Ghrelin is a peptide hormone secreted primarily by endocrine cells that line the stomach and intestine. The most important actions of ghrelin include stimulation of food intake, inhibition of energy expenditure and promotion of adiposity. We have recently shown that ghrelin mediates pleasurable aspects of eating, and in particular, enhances the rewarding value of foods high in fat and increases the motivation to obtain palatable, fatty foods. Despite a substantial literature characterizing ghrelin action in the regulation of the food intake, relatively little is known about the mechanisms responsible for ghrelin's action on hedonic aspects of eating. In the current grant, we propose to better characterize the neuronal circuits mediating ghrelin's action on reward- based eating behaviors. In particular, we will test the hypothesis that corticotrophin releasing factor (CRF)- producing neurons of the central amygdala (CeA) contribute to ghrelin's actions on reward-based eating. We will test this hypothesis as part of three independent, yet related aims. We will determine if rises in ghrelin that occur upon ghrelin injection or naturally upon caloric restriction activate CA CRF neurons. We will determine if ghrelin's ability to enhance the rewarding value of fatty food requires CRF signaling. Also, we will determine if neurons that express the neuropetide orexin mediate ghrelin's effects on CeA CRF neurons. For these studies, we will use a newly developed transgenic mouse line in which green fluorescent protein marks the location of CRF neurons within the brain. These mice will be used together with other mouse models, including those in which CRF or orexin are missing, to elucidate the ghrelin-engaged neuronal circuits of interest. We will also use pharmacologically administered agents, including antagonists to receptors for ghrelin, CRF and orexin, in order to further characterize these pathways. Food reward behaviors will be assessed using a conditioned place preference behavioral task that we have adapted and developed for the specific study of food reward behavior in mouse models. We believe these experiments will yield important insights about behaviors related to eating, and eventually may lead to new therapies for obesity. This research will be performed in collaboration with Mario Perello, as an extension of NIH grant 1R01DA024680-01, 6-1-08 to 4-30- 13. They will be performed both at UTSW Medical Center and in the laboratory of Neurophysiology of the Multidisciplinary Institute of Cell Biology (IMBICE-CONICET/PBA), located in the city of La Plata, Argentina. They are designed to extend and enhance the research interests of both Drs. Zigman and Perello, and will help build the research and research capabilities of Dr. Perello and the IMBICE.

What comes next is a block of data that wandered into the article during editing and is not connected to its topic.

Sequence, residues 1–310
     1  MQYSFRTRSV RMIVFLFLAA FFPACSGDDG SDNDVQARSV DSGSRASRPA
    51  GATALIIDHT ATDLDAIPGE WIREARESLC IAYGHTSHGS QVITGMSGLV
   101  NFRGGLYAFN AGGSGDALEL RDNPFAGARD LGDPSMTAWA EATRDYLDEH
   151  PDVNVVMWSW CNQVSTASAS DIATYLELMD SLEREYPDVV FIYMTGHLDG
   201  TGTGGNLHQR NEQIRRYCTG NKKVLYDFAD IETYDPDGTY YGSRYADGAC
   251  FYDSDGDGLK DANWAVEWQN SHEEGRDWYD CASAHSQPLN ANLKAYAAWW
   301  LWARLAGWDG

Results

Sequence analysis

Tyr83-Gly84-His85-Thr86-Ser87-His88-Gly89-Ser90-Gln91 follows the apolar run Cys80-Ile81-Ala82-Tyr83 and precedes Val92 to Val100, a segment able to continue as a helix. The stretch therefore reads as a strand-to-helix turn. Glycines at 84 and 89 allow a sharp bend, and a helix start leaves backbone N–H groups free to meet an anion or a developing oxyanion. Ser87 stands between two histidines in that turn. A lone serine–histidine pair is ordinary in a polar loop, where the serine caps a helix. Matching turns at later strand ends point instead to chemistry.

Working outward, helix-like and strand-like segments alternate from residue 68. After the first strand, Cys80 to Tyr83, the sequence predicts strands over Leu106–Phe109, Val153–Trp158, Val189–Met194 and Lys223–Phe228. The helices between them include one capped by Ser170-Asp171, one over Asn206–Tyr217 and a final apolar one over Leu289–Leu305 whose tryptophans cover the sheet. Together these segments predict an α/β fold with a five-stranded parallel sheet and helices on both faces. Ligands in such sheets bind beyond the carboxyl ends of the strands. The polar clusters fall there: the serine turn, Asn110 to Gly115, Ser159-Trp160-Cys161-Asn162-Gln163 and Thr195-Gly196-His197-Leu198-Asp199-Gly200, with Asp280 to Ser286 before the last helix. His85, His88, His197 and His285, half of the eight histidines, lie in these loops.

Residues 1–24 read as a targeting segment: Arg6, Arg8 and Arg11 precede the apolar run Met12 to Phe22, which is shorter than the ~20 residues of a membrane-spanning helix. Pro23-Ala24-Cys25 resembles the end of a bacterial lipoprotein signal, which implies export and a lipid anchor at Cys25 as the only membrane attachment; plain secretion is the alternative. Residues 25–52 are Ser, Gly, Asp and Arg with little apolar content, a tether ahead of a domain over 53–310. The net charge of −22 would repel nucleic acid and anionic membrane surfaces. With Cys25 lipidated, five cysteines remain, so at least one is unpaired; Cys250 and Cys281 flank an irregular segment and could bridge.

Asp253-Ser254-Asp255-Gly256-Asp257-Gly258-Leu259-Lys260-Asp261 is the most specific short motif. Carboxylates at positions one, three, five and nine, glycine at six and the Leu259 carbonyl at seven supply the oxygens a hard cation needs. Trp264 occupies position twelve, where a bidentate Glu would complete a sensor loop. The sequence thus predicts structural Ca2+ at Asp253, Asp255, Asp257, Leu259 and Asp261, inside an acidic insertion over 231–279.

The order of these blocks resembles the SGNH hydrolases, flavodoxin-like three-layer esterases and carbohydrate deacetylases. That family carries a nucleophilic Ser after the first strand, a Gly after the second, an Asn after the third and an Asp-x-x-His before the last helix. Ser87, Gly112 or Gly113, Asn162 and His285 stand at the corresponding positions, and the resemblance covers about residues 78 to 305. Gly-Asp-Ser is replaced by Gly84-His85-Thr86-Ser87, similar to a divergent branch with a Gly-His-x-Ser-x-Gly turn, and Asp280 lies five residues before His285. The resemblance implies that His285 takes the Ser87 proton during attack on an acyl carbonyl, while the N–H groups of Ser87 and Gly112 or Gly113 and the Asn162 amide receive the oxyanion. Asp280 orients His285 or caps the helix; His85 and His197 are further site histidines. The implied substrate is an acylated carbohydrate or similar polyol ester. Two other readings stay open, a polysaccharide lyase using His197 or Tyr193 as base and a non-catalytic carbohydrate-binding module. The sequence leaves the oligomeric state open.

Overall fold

Our group has recently shown that the gastrointestinal tract-derived hormone ghrelin enhances certain pleasurable aspects of eating, such as the rewarding value of fatty food and the motivation to obtain fatty food. The experiments proposed in this study have been designed to investigate the neuronal pathways mediating ghrelin's action on these reward-based eating behaviors, with a particular focus on the role of corticotrophin releasing factor neurons in the central amygdala region of the brain. It is hoped that these fundamental experiments on the mechanism of ghrelin action, which will be performed in a collaborative manner by institutions in the United States and Argentina, will yield important insights about behaviors that control eating, and eventually may lead to new therapies for obesity.
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|LÃ³pez Soto, Eduardo Javier; Agosti, Francina; Cabral, Agustina et al. (2015) Constitutive and ghrelin-dependent GHSR1a activation impairs CaV2.1 and CaV2.2 currents in hypothalamic neurons. J Gen Physiol 146:205-19|
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